First Ride: Yeti's New SB75 27.5 Mountain Bike
'Tween wheels get Yeti's SB treatment and help create a fast, fun, descent-oriented ride
"We've been testing 27.5 on and off for a year. Last winter we retrofitted our existing bikes with 27.5 wheels to test the wheel size, and we saw a lot of opportunity," Yeti president Chris Conroy told Bicycling. "We started testing the SB75 in its current configuration about four months ago, and it was instantly one of those bikes you felt right on. We were able to flip the switch on production pretty quickly."
As far as lineage, the SB75 is more heavily influenced by the 95 than the 66. It has the same amount of travel, and the 75's geometry is closer to the 95 than the 66. The 66 is very stable, bombs hills like a downhill bike (Yeti pro Jared Graves took a 66 to third in this year’s downhill world championships), but requires the rider to ride it hard and drive the front end aggressively to get the most out of the bike.
Perhaps counterintuitively, the 75, like the 95, has shorter top tubes and shorter wheelbases than the 66 throughout the size range. This, and steeper head-tube angles (67.5 on the 75), make the larger-wheeled SB's—on paper anyway—a bit more snappy and playful than the 66.
Though it strikes the same profile as its SB brothers, the 75's 7.5-pound (with Fox Float CTD damper) all-aluminum frame (no carbon is offered or in the immediate future) has unique tube-butting profiles and suspension mechanics. Four sizes will be offered, ranging from extra small to large, when the bike goes on sale in October. A frame will cost $2,000, and complete bikes start with the $2,900 Comp model and run up to the $6,900 Pro XTR model.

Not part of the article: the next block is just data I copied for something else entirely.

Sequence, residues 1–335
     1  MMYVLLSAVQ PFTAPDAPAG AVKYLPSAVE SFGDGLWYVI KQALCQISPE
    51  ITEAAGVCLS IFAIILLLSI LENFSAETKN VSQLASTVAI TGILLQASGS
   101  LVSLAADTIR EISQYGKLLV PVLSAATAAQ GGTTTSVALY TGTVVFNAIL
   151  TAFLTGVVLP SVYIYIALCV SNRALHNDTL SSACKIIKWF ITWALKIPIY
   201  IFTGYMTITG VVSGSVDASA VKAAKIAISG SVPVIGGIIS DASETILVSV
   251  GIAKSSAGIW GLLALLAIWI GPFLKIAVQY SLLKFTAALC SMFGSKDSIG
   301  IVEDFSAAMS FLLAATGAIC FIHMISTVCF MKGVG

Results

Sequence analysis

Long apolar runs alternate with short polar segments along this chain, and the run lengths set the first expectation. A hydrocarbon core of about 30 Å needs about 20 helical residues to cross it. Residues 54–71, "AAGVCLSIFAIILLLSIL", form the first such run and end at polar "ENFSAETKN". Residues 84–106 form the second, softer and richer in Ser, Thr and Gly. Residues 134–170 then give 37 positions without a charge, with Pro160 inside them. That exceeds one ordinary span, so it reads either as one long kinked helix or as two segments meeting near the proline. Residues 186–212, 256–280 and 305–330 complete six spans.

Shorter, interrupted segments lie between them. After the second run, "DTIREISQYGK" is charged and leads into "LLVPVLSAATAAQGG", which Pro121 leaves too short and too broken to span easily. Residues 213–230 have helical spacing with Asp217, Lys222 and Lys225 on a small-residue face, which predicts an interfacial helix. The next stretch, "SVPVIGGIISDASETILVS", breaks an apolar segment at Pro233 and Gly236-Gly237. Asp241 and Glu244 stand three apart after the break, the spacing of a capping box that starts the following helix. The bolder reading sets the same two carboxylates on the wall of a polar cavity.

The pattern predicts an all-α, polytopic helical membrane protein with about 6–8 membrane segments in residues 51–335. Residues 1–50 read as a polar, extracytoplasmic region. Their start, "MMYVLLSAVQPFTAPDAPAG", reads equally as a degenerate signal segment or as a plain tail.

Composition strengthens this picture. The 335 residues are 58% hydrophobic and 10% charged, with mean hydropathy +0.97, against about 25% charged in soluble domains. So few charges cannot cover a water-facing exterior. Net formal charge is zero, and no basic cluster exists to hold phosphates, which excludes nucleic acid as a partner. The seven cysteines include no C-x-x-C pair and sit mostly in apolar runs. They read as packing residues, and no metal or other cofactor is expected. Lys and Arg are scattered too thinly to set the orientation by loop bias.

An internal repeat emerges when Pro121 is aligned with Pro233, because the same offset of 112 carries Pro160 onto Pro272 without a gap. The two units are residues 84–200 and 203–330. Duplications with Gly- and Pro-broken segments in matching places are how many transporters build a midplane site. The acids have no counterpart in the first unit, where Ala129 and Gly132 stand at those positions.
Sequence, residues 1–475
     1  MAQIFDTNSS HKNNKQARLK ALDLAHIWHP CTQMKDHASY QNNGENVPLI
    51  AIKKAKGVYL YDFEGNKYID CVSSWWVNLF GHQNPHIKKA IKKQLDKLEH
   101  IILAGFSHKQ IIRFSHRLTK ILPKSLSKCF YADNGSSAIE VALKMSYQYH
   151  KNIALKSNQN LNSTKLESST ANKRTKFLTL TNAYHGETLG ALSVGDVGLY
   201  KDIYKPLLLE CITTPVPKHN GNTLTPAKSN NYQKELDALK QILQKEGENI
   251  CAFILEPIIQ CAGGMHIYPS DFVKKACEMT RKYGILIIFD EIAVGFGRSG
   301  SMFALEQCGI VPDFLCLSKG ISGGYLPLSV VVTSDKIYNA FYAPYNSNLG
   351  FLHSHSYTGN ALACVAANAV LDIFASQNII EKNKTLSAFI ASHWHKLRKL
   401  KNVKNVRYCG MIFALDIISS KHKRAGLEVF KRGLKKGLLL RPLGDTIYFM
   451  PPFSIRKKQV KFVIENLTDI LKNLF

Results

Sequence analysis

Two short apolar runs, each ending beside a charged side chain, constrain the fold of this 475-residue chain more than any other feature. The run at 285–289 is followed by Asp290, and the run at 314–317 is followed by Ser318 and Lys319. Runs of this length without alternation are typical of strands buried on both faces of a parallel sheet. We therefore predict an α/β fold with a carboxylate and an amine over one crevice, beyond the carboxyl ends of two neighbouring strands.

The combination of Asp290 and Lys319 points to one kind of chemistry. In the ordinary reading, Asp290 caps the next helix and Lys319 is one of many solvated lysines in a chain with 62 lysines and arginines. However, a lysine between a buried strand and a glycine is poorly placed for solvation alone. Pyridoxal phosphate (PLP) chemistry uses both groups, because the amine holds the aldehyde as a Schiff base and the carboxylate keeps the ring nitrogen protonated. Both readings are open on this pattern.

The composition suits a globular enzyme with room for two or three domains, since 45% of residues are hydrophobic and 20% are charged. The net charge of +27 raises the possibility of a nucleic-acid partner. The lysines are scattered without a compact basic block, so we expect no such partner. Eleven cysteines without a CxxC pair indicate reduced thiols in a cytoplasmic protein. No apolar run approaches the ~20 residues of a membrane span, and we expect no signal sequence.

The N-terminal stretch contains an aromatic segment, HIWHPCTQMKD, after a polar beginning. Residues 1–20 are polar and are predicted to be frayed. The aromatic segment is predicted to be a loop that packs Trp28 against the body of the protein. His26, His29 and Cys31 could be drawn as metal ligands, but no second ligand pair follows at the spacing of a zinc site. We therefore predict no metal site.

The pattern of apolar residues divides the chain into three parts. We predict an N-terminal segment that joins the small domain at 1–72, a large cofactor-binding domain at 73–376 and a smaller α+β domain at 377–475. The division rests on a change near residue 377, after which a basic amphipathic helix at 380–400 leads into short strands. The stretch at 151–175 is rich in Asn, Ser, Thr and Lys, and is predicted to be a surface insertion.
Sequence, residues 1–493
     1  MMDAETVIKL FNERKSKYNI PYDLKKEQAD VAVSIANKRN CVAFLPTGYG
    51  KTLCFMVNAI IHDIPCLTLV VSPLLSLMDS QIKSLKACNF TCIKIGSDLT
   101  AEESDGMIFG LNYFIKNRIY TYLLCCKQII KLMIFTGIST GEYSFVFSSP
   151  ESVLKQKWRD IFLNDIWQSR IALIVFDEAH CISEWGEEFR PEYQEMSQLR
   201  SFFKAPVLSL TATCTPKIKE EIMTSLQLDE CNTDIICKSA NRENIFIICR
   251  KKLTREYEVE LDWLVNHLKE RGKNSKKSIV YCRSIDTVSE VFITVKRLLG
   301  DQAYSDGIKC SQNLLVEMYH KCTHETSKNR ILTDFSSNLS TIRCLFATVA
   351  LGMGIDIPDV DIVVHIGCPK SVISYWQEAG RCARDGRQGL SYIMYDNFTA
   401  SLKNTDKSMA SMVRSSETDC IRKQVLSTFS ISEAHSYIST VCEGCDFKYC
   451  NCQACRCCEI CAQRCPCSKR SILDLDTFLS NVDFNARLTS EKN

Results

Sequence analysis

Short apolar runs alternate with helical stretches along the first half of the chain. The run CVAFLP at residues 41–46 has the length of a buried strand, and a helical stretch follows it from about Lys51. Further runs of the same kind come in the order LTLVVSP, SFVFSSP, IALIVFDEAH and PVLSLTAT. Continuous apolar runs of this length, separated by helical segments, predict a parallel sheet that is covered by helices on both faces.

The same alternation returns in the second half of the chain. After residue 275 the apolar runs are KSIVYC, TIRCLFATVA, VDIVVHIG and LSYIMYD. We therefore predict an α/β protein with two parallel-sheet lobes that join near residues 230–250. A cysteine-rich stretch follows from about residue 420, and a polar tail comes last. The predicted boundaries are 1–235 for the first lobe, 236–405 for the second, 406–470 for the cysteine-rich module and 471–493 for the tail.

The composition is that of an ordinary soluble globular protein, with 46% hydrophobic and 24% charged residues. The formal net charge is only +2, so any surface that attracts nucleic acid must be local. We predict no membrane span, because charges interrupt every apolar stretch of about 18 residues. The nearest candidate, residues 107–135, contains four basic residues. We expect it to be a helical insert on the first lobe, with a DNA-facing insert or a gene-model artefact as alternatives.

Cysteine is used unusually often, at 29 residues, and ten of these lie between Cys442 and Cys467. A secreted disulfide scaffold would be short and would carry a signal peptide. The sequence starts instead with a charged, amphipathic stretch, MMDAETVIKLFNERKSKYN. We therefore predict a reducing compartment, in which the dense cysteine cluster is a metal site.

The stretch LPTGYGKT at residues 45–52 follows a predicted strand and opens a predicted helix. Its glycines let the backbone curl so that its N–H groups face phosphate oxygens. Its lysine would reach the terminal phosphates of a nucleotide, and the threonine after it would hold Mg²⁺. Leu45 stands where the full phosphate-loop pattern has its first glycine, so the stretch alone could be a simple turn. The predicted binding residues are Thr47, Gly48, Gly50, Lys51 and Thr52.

I had an opportunity to steal an hour-long ride on the SB75 on Bootleg Canyon's trails at Interbike’s Outdoor Demo in Las Vegas. The 75's suspension impresses. It’s quiet on climbs and doesn't need the Fox's CTD lever to prevent mushy-feeling movement, though on a long, smooth fire-road climb, I did engage trail mode to calm the suspension even more. Traction and sensitivity are excellent. The 75 tractors over loose and ledgy climbs, and didn't bog when I punched it up and over obstacles.
SB75 means: Super bike, 27.5-inch wheels, and 5-inches of travel. (Matt Phillips)
On descents, the 75 is smooth and uses its full travel, providing a five-star feeling without—and this is the important part—wallowing in the middle of the travel or sitting down too easily and upsetting the bike's balance midcorner. I did note, however, that when I was heavily over the front end in an effort find traction on the very loose trails, the rear end would begin to skip a bit. Likely, a little less pressure in the shock would cure this, but I was not able to test that theory on my brief test ride.
Like other Yeti's, the SB75's feel is more about good times and fast descents than about setting course-record marks. The frame is robustly confidence-inspiring: Launch into a rock garden blind and the 75 tracks straight and pulls you though. Though the handling is biased toward stability, the 75 remains a playful bike, encouraging hooliganism on the trail.
I'm familiar with both the SB66 and the SB95 and like both very much, but I feel the 75 is the best of the three. Quicker and more playful than the 95, and easier to ride and less descent-oriented than the 66, it strikes a middle ground that I personally love.
Yeti proves it’s ready to play on the trails with its new 5-inch travel (125mm) SB75. Yeti's 26-inch-wheeled SB66 and 29-inch SB95 bikes are popular around our office, earning high praise from testers and scoring a handful of Editors' Choice awards. But these days, offering just two wheels sizes isn’t enough for many mountain bike brands. And 27.5 is the it wheel size. If you make mountain bikes, you gotta have a tweener.